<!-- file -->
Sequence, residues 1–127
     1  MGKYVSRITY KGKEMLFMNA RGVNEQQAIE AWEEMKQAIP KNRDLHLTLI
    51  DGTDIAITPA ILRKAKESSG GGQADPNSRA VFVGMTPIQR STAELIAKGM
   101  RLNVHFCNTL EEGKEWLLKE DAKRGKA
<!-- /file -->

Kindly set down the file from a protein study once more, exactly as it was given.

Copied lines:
Sequence, residues 1–127
     1  MGKYVSRITY KGKEMLFMNA RGVNEQQAIE AWEEMKQAIP KNRDLHLTLI
    51  DGTDIAITPA ILRKAKESSG GGQADPNSRA VFVGMTPIQR STAELIAKGM
   101  RLNVHFCNTL EEGKEWLLKE DAKRGKA